A diplomatic spat puts building work on hold and delays to online national planning guidance bemuse eager developers; Lara Croft is bundled into Farringdon - plus, (surely?) the last ever red trousers story
Diplomacy on the rocks
The unseemly row between Britain and Spain over Gibraltar has now impacted on the Rock’s construction sector, we hear. According to local reports, Spain is blocking overland transport of building materials including rock, sand and aggregates, for fear these will be used to reclaim land from the sea. The Gibraltan government is implementing contingency plans to ship in the building materials it needs instead, to try to avoid delays to building projects. It’s not every day an international diplomatic spat threatens to knock your scheme off course, is it?
Cut out and keep
Visitors to RLF chairman Steven Barker’s office in Farringdon, London, may be surprised to be greeted by a life-size cardboard cut-out of computer game character Lara Croft, as played by Angelina Jolie in the hit 2003 movie Tomb Raider. The gun-toting action character, best known for having an ardent teenage boy fanbase, looms above the meeting area in Barker’s office. He says a member of his team nabbed it from a film studio on a RLF company away day, where staff were challenged to film a short promotional video about the consultant. Unexpectedly cheeky for a quantity surveyor!
Yet more planning delays
What to make of the launch of the government’s online planning guidance portal? The Cabinet Office trumpeted the launch last Wednesday, boasting that developers could access all the government’s cut-down planning guidance in one place. But developers eager to see the fruits of the government’s labours were greeted on the first morning by a holding page as the website - http://planningguidance.planningportal.gov.uk/ - hadn’t gone live yet. It was up and running later that week when Building checked back. Still, smacks of poor planning to me …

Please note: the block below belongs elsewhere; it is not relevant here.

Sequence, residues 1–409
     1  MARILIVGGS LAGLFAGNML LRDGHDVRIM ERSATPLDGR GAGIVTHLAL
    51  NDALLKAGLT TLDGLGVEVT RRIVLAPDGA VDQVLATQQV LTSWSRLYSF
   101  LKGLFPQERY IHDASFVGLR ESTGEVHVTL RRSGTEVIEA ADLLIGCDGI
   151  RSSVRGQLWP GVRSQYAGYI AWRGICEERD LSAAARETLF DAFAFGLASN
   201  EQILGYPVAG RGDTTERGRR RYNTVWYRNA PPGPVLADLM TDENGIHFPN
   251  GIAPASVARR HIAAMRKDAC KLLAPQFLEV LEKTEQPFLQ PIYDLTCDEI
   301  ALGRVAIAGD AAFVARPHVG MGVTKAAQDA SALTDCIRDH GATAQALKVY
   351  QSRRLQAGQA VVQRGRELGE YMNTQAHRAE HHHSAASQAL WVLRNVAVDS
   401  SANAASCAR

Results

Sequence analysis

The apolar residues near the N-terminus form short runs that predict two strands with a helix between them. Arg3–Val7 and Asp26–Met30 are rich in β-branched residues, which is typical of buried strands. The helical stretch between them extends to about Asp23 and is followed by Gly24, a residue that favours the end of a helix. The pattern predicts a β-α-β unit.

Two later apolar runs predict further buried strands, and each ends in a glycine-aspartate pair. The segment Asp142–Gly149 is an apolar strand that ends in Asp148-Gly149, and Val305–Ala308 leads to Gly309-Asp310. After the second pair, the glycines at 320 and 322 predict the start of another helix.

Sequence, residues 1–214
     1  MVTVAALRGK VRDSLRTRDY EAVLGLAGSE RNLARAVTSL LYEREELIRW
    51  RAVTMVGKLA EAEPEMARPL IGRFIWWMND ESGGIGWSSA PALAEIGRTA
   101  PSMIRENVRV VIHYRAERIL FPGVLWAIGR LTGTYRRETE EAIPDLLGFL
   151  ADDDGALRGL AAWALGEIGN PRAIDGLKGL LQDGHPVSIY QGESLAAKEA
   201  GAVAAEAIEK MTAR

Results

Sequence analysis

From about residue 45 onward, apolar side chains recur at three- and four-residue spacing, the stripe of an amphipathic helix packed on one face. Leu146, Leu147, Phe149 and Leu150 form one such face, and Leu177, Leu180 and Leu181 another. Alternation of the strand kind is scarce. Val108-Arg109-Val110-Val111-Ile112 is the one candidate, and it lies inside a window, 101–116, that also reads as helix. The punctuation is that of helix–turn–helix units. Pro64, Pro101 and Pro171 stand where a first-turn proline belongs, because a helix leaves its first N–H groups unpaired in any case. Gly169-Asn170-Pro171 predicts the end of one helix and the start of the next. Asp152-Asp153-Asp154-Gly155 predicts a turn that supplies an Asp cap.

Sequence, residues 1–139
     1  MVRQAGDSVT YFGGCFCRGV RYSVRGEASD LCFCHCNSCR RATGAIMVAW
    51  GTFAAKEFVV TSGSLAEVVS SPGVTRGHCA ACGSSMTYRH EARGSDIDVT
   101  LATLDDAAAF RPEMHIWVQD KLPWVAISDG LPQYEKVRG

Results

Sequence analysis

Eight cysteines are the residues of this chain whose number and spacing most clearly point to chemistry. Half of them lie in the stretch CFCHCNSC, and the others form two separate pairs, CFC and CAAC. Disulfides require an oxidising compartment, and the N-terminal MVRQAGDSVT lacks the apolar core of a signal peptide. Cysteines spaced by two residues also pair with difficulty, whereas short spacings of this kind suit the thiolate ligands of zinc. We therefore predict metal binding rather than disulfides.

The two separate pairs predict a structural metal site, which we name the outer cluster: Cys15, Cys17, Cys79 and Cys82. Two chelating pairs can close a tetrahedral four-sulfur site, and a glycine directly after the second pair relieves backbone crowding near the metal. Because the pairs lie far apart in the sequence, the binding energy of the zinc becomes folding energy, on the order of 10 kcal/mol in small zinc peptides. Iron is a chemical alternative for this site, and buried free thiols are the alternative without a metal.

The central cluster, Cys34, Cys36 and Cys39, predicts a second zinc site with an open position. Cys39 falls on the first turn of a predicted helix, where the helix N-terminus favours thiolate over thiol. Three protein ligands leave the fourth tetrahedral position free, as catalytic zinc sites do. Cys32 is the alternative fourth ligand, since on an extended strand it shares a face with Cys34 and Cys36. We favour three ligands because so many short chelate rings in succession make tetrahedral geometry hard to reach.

Looking for a cheque, mate?
Ever wanted to topple the Shard? Well, soon you can. Two London designers, Ian Flood and Chris Prosser, are seeking funding for a project to turn London’s most iconic buildings into a chess set. In Skyline Chess,
the Shard stands in for the dynamic queen; Canary Wharf is the king; Big Ben is the rook; the Gherkin is the bishop; the London Eye takes the knight’s place and a row of humble terraced houses form the pawns. The pair are looking for financial backing to the tune of £25,000 on crowdfunding platform Kickstarter to get the business off the ground. They also have plans for other cities including New York, Paris, Shanghai, Dubai and Rome. So,who’s for London vs Paris, then? You can find the Kickstarter page here.
Hordes head for the hoarding
Hot on the heels of London’s Open House festival on 21 and 22 September - which offers the public free access to some of the capital’s greatest buildings, including the Gherkin and Battersea Power Station - the UK Contractors Group is once again offering the public a look behind the hoardings of construction sites across the country on 27 and 28 September. Construction sites providing access include National Grid and Costain’s mammoth power tunnels below north London, and Cardiff University and ISG’s Cardiff Business School. The initiative is targeted primarily at young people. For more information visit www.opendoorsweekend.co.uk.
Ferguson flies undone
It’s the story that just keeps on giving: George Ferguson’s red trousers. Just when you thought there couldn’t possibly be any more to say about the trademark garment worn by the architect and Bristol mayor, another news item on them appears. This time, ITV local news filmed the mayor flying a “red trousers” kite ahead of the city’s kite festival last weekend. In footage which gives Boris Johnson a run for his money in the buffoonery stakes, George turns his back on the kite to look at the camera crew only for it to perform a swooping 180-degree manoeuvre behind his back. “Seems the trousers have a life of their own,” the mayor admitted on Twitter.
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